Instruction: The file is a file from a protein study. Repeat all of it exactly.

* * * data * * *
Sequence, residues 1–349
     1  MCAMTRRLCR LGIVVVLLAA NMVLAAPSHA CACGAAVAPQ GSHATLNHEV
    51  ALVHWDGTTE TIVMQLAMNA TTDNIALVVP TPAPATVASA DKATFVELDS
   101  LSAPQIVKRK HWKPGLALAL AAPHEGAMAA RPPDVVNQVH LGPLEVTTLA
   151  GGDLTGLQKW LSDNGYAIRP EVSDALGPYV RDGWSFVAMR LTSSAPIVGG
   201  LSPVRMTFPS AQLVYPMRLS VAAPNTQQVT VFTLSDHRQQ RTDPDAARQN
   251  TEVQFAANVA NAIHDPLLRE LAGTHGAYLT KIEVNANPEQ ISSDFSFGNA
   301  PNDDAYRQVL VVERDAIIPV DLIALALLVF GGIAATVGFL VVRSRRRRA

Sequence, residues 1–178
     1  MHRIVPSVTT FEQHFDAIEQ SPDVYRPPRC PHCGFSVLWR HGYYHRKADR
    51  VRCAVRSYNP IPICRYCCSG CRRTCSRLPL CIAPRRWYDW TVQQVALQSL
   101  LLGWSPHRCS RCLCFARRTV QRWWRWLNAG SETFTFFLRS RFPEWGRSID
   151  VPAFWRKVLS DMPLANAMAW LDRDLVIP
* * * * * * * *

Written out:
Sequence, residues 1–349
     1  MCAMTRRLCR LGIVVVLLAA NMVLAAPSHA CACGAAVAPQ GSHATLNHEV
    51  ALVHWDGTTE TIVMQLAMNA TTDNIALVVP TPAPATVASA DKATFVELDS
   101  LSAPQIVKRK HWKPGLALAL AAPHEGAMAA RPPDVVNQVH LGPLEVTTLA
   151  GGDLTGLQKW LSDNGYAIRP EVSDALGPYV RDGWSFVAMR LTSSAPIVGG
   201  LSPVRMTFPS AQLVYPMRLS VAAPNTQQVT VFTLSDHRQQ RTDPDAARQN
   251  TEVQFAANVA NAIHDPLLRE LAGTHGAYLT KIEVNANPEQ ISSDFSFGNA
   301  PNDDAYRQVL VVERDAIIPV DLIALALLVF GGIAATVGFL VVRSRRRRA

Sequence, residues 1–178
     1  MHRIVPSVTT FEQHFDAIEQ SPDVYRPPRC PHCGFSVLWR HGYYHRKADR
    51  VRCAVRSYNP IPICRYCCSG CRRTCSRLPL CIAPRRWYDW TVQQVALQSL
   101  LLGWSPHRCS RCLCFARRTV QRWWRWLNAG SETFTFFLRS RFPEWGRSID
   151  VPAFWRKVLS DMPLANAMAW LDRDLVIP